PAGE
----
In 1978 Anthony suffered a serious heart attack, but made an astonishing comeback, leading the PBA in scoring in 1980 and 1983, and being named Bowler of the Year from 1981 through 1983. In February 1982 he became the first bowler in history to win more than $1 million in his career, rolling five straight strikes to take a national championship in Toledo Ohio. However, by 1983 the constant life on the road had worn Anthony down and, with $1,216,421 in career winnings and forty-one PBA Tour wins, he announced his retirement. At the request of friends he made a brief comeback in 1986. "I absolutely hated it. My concentration was gone. I'd get out there and forget what I was trying to do. I'd start thinking about whether my lawn needed mowing. So that was it for me," he told the Toronto Star.

Joins Seniors Tour

He became a commentator on televised bowling events and a representative of the makers of Ebonite bowling balls. He joined the PBA Seniors Tour in 1990 but, wracked by arthritis, he retired from that a year later. When alternative medical treatments relieved the arthritis substantially, Anthony returned to the Seniors in 1996. The public loved having him back, enthusiastically cheering every strike and moaning every pin left standing. "Such respect is saved for the few great athletes who have transcended their sports. Anthony is one," wrote the Milwaukee Journal Sentinel 's Paul Drzewiecki. He retired from bowling for the final time at the end of the 1997 season.

Earl Anthony died in August 2001 after falling down the stairs at a friend's home in New Berlin Wisconsin. The official cause of death was head trauma. He was survived by his wife, Susie, his son, Mike, and his daughters Tracy Nelson and Jeri.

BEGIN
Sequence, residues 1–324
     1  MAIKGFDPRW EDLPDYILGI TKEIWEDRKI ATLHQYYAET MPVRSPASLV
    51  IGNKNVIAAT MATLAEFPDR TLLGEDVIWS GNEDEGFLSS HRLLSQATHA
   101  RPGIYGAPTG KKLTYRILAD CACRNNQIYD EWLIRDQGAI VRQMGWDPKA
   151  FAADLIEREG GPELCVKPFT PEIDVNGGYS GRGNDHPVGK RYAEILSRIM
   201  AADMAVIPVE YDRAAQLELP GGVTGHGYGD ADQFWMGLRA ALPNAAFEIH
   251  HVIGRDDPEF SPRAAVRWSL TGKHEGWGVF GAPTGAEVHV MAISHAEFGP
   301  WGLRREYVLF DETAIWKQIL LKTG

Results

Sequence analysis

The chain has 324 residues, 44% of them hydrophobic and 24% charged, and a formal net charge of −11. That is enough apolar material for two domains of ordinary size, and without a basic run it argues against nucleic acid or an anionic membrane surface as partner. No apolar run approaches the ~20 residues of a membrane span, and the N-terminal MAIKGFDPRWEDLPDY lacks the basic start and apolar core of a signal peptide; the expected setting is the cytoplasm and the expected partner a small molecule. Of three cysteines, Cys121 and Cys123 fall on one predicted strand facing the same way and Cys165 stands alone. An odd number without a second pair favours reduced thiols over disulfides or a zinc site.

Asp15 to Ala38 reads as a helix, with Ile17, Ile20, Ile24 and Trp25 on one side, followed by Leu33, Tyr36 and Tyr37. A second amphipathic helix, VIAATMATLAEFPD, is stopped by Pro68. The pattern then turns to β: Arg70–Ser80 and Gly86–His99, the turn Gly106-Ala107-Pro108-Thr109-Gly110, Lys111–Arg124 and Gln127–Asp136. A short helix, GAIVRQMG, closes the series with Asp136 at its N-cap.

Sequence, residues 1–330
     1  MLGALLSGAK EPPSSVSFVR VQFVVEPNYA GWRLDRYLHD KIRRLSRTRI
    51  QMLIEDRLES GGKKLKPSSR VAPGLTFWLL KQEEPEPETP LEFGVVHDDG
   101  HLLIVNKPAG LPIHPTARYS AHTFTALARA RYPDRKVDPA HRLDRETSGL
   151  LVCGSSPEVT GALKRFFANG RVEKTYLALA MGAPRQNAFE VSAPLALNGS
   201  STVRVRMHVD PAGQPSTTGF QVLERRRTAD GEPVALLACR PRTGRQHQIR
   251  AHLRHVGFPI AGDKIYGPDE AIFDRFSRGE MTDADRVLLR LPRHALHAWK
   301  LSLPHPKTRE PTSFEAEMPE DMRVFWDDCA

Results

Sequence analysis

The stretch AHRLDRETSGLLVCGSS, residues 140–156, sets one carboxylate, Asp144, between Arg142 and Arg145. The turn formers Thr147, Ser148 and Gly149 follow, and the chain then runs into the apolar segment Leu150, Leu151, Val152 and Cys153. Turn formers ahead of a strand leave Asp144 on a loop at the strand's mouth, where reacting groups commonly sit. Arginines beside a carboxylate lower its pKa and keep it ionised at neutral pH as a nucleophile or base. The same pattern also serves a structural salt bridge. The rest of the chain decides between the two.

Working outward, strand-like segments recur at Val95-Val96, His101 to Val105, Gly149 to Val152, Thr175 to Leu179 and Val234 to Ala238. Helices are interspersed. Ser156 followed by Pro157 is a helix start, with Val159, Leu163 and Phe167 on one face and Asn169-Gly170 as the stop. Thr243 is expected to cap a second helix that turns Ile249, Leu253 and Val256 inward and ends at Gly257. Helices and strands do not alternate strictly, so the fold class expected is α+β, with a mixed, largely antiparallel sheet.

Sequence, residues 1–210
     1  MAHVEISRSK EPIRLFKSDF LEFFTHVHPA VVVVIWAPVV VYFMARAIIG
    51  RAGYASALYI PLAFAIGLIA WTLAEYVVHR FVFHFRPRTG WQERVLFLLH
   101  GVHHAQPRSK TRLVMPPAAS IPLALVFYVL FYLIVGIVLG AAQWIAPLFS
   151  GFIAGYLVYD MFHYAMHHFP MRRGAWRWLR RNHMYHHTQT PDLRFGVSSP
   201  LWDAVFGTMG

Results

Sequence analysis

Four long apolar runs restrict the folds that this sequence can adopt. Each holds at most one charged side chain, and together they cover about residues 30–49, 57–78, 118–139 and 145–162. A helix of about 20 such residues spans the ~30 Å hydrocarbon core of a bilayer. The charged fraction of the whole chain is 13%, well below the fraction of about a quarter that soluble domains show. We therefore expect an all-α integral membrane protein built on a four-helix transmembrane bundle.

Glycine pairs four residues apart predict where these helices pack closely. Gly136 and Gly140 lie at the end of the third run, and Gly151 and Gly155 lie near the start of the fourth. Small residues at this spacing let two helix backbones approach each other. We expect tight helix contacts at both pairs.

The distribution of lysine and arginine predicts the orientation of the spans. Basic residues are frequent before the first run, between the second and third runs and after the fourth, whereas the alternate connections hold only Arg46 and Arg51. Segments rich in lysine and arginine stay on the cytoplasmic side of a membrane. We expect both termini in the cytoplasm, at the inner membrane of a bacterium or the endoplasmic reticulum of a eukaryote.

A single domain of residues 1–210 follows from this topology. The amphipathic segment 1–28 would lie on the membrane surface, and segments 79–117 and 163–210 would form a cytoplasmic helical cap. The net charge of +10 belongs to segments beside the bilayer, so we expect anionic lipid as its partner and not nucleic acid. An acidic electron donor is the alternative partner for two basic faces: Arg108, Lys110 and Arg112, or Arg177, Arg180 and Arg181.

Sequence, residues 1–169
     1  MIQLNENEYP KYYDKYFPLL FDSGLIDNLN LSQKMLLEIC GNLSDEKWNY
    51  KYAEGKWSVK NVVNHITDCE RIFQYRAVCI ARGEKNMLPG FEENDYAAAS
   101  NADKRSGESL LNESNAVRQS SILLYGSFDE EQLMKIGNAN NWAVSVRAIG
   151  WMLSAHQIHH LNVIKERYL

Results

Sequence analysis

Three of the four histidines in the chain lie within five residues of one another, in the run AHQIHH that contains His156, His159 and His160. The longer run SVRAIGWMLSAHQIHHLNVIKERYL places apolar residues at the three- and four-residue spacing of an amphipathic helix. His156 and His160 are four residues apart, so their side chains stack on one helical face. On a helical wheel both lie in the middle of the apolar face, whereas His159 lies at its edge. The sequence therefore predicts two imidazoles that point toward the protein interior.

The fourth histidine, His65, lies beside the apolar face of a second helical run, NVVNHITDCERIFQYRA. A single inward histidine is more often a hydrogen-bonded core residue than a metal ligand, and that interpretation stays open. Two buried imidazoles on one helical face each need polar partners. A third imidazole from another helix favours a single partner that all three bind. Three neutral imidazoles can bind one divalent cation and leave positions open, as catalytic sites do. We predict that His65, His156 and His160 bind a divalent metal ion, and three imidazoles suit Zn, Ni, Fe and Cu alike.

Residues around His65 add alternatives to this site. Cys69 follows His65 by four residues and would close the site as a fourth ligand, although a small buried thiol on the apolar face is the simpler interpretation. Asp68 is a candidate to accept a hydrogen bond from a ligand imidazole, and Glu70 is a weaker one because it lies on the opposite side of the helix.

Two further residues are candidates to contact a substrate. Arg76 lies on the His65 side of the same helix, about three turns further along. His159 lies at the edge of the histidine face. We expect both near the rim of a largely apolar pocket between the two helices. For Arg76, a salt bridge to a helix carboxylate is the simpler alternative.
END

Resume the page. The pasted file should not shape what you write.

Awards and Accomplishments

1973-75, 1980, 1983George Young High Average Award
1974-76, 1981-83Leading money winner on PBA Tour
1974-76, 1981-83Bowler of the Year, Bowling Writers Association
1977, 1984ABC Masters winner
1986Inducted into PBA Hall of Fame
1986Inducted into American Bowling Congress Hall of Fame
1997AMF Grand Prix of Bowling winner

With his thick glasses and deadpan expression, Earl Anthony looked like the most improbable of athletic champions. His record though speaks for itself. He was the only pro bowler to win at least one title fourteen years in a rowdespite his mid-career heart attack. He rolled more than 600 perfect games in his career. He was named to the Professional Bowlers Association Hall of Fame in 1981 and the American Bowling Congress Hall of Fame in 1986. What's more, bowlers loved him. In 1985 the readers of Bowling Magazine voted him the greatest bowler of all time, an honor that was reiterated in 1995 when American Bowling Congress members voted him the "best bowler ever," giving him well-over three times the number of votes garnered by the runnerup, Dick Weber. It is unlikely Bowling will ever see the likes of Earl Anthony again.



"Anthony Says Goodbye To Career of Fast Lanes." New York Times. June 20, 1991.

"Anthony Quitting Tour." New York Times. October 16, 1983.

Drzewiecki, Paul. "Anthony gets his due from fans: Respect and admiration follow legendary bowler." Milwaukee Journal Sentinel. April 8, 1997.

Fuller, Tom. "Anthony Hopes To Return To The Top At The Seattle Open." Seattle Times. July 5, 1997.

Klein, Tom. "Runner-Up Anthony Goes Out On A Roll." St. Louis Post-Dispatch. June 21, 1991.

Proudfoot, Jim. "Out of baseball, Anthony became No. 1 in bowling." Toronto Star. August 26, 1989.

Smith, Craig. "Legendary Anthony Still Bowls 'Em OverHall Of Famer On Mission For Sport." Seattle Times. June 30, 1996.

Smith, Craig. "Tacoma bowler became a legend." Seattle Times. August 15, 2001.

Sonderegger, John. "Rolling On: Anthony Still Likes To Compete." St. Louis Post-Dispatch. June 20, 1990.

Sketch by Gerald E. Brennan